Why Training is an Investment, not an Expense

Jan 8, 2024

Training can be one of the most fickle aspects of our lives. We know we need it to learn and grow. We consider it to be a nonnegotiable for our team members. And yet, we often shirk the responsibility of training in order to pursue other ventures. So much so, in fact, that an estimated 59% of employees claim they had no workplace training, instead relying heavily on skills that were self-taught.

Why? Because training isn’t exciting. It isn’t often viewed as an investment that will benefit an organization. Instead, it is treated more as an expense.

I can remember playing football as a kid, and although I loved the game, I detested practice. Running in the hot Florida sun while my friends were home in the air conditioning was never an enjoyable experience. Studying plays and lifting weights did not bring me joy. I can say with honesty that I hated doing it. I just wanted to play the game.

Later, as a young up-and-coming salesperson, I felt that I had learned more than enough to be successful in sales. I was good at it and fell into the common trap of a young, confident salesperson: My sales skill was a gift and I didn’t need to train. I just wanted to close deals.

The reality is this: Whether you’re running wind sprints on the field or taking notes from a sales book at your desk, training can be difficult. However, training is the foundation upon which success is built. We often don’t train for things that we feel we’re already good at, but we’ll only become great at them through training. This dilemma can plague not only our professional lives but our personal lives as well.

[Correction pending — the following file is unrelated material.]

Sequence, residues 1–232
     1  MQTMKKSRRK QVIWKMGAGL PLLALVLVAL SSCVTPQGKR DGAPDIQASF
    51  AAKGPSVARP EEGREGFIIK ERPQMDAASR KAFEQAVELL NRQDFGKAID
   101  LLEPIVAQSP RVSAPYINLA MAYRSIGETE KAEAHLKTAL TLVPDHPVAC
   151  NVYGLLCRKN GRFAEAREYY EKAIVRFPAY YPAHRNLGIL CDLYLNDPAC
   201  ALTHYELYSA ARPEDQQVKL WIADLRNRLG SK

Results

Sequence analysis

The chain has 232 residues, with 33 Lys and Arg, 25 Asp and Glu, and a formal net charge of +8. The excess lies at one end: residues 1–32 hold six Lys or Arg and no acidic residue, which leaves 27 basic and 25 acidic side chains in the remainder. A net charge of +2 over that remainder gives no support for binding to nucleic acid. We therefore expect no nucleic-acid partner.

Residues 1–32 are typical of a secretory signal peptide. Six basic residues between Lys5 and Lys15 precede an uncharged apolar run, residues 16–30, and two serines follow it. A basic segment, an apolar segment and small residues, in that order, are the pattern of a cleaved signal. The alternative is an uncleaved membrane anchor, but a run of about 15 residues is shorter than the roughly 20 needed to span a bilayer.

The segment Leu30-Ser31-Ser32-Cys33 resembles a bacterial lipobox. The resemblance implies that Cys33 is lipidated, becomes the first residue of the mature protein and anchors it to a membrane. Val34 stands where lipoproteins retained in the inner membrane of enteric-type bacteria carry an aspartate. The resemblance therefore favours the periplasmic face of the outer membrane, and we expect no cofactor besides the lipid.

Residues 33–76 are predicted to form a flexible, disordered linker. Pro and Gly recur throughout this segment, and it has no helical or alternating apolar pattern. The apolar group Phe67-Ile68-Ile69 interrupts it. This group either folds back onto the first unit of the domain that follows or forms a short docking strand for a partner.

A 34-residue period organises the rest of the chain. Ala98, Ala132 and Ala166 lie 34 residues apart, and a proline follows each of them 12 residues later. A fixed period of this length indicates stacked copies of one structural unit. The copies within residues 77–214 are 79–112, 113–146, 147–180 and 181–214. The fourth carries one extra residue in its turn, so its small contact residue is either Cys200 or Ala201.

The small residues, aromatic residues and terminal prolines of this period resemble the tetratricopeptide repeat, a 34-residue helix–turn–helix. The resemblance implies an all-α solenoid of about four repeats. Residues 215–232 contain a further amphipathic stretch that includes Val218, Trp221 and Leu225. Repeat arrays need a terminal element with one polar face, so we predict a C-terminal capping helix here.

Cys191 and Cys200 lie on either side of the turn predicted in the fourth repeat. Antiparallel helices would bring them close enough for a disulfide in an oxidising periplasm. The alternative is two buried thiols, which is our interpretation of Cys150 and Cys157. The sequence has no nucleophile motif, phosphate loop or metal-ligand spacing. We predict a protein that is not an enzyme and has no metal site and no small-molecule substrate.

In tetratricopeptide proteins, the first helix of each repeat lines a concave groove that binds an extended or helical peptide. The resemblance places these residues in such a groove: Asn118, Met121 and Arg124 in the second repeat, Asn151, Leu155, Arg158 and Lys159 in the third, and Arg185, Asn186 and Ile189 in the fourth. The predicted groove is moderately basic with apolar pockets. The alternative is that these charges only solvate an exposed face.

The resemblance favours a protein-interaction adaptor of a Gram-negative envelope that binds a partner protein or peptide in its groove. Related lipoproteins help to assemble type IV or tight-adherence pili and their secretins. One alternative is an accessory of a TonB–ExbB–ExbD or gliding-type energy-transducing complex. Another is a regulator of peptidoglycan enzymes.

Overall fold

The reality is that when we put training on the back burner, we also put a ceiling on our growth. When we don’t train our people or cease training after onboarding, we are only hurting ourselves. We stunt our growth. To underestimate the importance of training is a costly mistake that we cannot afford to make.

I’m not saying that every company should train the same way or at the same frequency. I’m not here to tell you exactly how you should train your staff or yourself for that matter. Instead, I am presenting the argument that our opinion of training has to change. It cannot be looked at as a chore, because it isn’t. It is education for our occupation. It’s a necessity, not an addition. And it’s one of the few investments that can lead to an instant return.

A lack of training often leads to poor performance. Unfortunately, this poor performance is often blamed on the individual, when in actuality they were not given the tools and knowledge required for success. Over time, this leads to a revolving door of interviewing, onboarding, poor performance, low morale and, finally, attrition. Training isn’t an expense—a lack of training is. When you invest in training for your team, you are strengthening the entire organization. Regular training has been shown to lead to higher engagement, employee retention rates and job satisfaction.

It is time that we begin to view training in a different light. It starts from the top down. Treat training as a crucial step in the process of growth and success, and your team will follow suit. If growth is what you seek, then training is how you will find it.

By David Villa